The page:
With the number of infections continuing to spike in India, the BCCI finally decided to hold the tournament in the UAE while implementing strict bio-security rules.
Artificial crowd noises filled up the silence that existed in the stadiums during the broadcast as the 2020 IPL was held from September 19 to November 10.
With that, men's international cricket also restarted for India with the team travelling to Australia for their full tour of the country right after the IPL.
However, there is yet to be a concrete plan for the Indian women's team while any form of domestic cricket tournaments will take place only in 2021.
It has been a similar case in other sports as well with international tournaments that were set to be held in India and national championships of different sports being postponed to next year.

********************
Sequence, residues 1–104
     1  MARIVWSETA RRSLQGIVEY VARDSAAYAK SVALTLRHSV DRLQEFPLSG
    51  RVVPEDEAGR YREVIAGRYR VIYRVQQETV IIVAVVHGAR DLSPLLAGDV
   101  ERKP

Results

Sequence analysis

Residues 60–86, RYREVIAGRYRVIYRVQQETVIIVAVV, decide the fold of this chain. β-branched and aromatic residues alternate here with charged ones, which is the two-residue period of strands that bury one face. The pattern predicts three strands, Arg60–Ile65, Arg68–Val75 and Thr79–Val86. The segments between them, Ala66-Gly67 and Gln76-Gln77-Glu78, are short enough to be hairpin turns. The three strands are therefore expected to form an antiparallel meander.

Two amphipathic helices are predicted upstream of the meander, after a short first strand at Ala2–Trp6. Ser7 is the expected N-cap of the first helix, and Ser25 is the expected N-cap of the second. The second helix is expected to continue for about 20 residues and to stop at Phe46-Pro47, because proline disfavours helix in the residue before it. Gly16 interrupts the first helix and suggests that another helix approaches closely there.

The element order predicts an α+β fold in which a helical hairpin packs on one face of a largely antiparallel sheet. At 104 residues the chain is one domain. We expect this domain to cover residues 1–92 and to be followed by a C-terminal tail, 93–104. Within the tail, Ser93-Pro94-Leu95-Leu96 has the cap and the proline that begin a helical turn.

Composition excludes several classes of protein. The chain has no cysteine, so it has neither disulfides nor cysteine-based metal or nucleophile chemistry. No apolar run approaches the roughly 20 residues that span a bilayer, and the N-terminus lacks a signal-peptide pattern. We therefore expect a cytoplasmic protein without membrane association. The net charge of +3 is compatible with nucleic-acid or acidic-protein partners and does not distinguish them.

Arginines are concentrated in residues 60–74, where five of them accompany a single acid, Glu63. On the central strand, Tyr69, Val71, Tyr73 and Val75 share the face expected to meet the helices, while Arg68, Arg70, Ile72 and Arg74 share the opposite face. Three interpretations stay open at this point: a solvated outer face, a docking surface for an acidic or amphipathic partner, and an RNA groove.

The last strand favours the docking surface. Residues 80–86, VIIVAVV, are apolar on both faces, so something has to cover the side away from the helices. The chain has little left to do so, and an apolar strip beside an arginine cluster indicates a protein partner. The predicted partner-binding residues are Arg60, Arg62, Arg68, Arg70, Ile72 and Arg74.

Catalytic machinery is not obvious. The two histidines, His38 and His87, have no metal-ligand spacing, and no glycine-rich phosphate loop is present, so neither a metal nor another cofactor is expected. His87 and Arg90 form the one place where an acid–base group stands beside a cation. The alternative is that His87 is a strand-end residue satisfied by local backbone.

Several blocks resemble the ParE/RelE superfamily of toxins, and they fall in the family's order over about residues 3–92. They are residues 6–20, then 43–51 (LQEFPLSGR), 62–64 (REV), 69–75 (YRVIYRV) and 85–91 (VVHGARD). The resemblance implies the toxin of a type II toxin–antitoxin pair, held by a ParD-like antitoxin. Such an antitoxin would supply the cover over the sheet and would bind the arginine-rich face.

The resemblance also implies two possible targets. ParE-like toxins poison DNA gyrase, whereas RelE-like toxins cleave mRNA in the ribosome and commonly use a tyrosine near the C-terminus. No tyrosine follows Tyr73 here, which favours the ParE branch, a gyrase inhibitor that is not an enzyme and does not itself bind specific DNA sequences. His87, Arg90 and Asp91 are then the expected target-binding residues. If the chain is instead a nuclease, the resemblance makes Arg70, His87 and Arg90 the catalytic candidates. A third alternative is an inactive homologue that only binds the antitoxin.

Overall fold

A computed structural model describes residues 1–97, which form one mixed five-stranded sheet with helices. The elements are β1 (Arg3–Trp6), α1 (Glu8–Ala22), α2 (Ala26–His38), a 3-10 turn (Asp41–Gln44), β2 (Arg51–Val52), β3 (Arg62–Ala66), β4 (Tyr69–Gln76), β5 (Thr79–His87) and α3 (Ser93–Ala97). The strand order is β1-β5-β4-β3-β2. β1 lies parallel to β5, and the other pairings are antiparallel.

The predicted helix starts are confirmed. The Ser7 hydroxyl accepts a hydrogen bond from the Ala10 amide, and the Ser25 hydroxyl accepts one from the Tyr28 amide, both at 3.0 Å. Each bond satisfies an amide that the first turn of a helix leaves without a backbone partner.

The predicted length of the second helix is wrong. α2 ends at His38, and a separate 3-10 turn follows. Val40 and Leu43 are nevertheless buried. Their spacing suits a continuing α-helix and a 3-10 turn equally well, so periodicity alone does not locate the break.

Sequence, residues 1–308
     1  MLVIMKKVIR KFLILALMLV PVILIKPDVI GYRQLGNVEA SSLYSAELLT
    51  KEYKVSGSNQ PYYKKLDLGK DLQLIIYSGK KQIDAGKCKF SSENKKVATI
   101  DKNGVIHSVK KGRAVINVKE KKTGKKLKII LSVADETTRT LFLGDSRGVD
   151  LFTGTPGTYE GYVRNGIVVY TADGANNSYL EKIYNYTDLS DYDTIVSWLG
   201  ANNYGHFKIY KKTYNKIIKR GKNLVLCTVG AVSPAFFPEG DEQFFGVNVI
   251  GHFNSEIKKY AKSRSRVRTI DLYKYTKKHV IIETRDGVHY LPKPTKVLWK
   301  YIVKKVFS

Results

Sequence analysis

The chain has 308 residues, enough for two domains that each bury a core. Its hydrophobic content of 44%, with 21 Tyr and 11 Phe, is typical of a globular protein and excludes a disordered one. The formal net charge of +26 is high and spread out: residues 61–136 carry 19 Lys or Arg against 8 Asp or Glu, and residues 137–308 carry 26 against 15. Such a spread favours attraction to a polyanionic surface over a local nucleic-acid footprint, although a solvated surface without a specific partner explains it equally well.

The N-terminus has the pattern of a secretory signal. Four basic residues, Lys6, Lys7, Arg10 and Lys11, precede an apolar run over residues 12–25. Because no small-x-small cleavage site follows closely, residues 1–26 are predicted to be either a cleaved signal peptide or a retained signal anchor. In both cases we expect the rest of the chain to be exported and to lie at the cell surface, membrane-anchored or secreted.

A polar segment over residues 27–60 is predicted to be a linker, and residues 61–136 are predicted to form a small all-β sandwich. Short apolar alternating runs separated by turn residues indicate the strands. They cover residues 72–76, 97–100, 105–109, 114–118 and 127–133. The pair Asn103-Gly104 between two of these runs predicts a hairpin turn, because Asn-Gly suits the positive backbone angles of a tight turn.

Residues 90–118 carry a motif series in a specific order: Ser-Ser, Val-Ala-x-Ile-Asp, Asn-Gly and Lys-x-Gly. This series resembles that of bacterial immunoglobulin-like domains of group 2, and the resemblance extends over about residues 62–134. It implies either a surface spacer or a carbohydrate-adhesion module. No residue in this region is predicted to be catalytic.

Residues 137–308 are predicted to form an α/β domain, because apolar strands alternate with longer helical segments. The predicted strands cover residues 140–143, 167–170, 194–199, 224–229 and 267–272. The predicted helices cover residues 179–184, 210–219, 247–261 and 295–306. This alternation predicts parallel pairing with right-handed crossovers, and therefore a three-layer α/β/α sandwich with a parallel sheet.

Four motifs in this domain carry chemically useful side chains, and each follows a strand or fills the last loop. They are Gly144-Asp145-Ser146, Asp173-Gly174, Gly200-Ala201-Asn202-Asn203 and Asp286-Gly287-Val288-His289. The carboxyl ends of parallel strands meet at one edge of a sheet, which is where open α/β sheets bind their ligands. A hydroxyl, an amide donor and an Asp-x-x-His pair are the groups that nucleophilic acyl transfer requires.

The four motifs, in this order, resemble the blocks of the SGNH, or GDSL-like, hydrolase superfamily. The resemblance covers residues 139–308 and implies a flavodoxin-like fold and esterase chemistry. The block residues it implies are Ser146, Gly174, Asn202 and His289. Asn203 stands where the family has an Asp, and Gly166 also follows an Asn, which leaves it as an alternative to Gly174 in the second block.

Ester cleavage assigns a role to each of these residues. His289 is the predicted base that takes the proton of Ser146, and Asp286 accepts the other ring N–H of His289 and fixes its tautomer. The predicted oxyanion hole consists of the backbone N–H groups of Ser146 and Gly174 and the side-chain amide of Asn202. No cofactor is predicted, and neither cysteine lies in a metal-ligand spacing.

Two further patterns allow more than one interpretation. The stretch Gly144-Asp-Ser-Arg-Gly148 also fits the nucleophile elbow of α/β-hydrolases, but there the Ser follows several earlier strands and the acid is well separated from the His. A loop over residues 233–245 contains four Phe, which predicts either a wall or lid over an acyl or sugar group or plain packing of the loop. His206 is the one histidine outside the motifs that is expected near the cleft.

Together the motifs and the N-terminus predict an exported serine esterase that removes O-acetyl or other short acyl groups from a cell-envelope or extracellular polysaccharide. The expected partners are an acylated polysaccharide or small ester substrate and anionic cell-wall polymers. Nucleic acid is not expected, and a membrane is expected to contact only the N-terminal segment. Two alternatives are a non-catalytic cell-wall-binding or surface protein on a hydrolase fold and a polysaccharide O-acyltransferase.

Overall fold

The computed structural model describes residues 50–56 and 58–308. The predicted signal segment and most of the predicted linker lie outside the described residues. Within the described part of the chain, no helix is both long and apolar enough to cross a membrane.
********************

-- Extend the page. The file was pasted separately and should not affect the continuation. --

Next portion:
Those athletes that did get some game time under their belts did so outside the country, like badminton and tennis players who participated in tournaments once their respective sports' international calendars restarted.
Indian boxers were taken on an extended European tour in October and they managed to participate in local tournaments in France and Italy.
More importantly, the boxers could spar again once they reached Europe, something that they were not allowed to do according the SOPs and the NIS were they were situated.
Wrestlers also got a chance to get back on to the mat at the wrestling Individual World Cup in Belgrade, Serbia, although a few of the top wrestlers chose to give the tournament a miss.
Preparation for an Olympics is a meticulous process with almost each month of a medal prospect accounted for during the four-year period between two Games.
For many, it was this structured process that was delivered a body blow when the 2020 Games were postponed but now, it is all about making the most of whatever 2021 has in store for them and be prepared once again for a first-ever postponed Olympics.